"To Uphold the Dignity of Every Person and the Solidarity of the Human Community"
Founded in 1970, the Interfaith Conference of Greater Milwaukee is a more than 50-year-old nonprofit organization through which the regional leaders and adherents of 22 member faiths and denominations:
- Dialogue to build personal relationships
- Conduct public programming to counter hate and fear while fostering interfaith, intercultural and interracial understanding, tolerance and friendship
- Work together on hunger, unemployment, environmental challenges and other social issues to create a better society for everyone
We also work closely with several nonmember faiths.
As the United States has become increasingly religiously diverse, we have been at the forefront of efforts to counter misunderstanding, fear, anxiety and hate while fostering interfaith, intercultural, and interracial understanding, tolerance and friendships across county and city-suburban lines.
Our various activities and programs include:
- A Committee for Interfaith Understanding that builds a better society amid growing diversity by conducting educational programs and bringing people together from a wide array of faith traditions to counter hate, fear, anxiety and bias by fostering understanding, tolerance and friendship.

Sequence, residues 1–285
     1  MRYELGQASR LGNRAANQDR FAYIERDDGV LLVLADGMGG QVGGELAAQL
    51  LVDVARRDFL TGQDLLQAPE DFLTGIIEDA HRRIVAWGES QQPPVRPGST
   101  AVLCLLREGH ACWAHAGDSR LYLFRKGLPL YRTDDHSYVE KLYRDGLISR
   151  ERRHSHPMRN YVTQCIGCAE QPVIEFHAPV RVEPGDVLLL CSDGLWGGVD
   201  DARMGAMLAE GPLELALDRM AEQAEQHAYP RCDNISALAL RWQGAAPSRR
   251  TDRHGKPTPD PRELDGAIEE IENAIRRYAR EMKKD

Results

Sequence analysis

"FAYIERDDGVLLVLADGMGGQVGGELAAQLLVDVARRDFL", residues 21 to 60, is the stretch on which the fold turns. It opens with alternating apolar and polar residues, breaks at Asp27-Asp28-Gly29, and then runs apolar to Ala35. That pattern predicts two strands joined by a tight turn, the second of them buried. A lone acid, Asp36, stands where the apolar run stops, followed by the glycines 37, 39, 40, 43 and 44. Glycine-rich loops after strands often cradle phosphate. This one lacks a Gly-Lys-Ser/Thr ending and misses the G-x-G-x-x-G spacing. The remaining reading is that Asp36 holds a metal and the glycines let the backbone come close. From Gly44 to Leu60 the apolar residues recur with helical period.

- An Amazing Faiths Dinner Dialogue Program that brings people of different faiths, philosophies, races and cultures together in private homes or intimate institutional settings for a vegetarian meal and a moderated dialogue about their lived experience of faith/philosophy. Our appreciative listening process evokes deep sharing. People can come to just one dinner, or more, as guests, hosts or trained moderators.
- An Interfaith Earth Network of Southeastern Wisconsin (IEN) whose mission is to inspire and support people of all faiths and faith communities to care for Earth based on their sacred teachings. Through education advocacy, actions and networking, IEN is a catalyst for congregations and people of faith to live, work and worship in environmentally sustainable ways.
- A ONE Community Program that connects suburban and urban congregations to: examine structural causes of the area’s racial and economic segregation; bond through personal sharing; and get constituents motivated by faith to contact legislators.
- An annual Tuesdays-in-March Luncheon Lecture Series organized by our Peace & International Issues Committee that addresses compelling local, regional and international issues. .
- An Interfaith Restorative Practices Coalition that we convene and which provides a forum for sharing and collaboration by representatives of eight agencies and institutions that use principle-driven restorative practices to heal individuals and communities affected by crimes and other harmful acts. They also help congregations work through difficult internal issues.
- Co-sponsorship of a biennial People of Faith United for Justice advocacy day in Madison with the Wisconsin Council of Churches and other organizations that draws up to 1,000 people from across the state to focus on issues related to the proposed Wisconsin state budget and to meet with legislators.
- Representatives on 9 area boards and commissions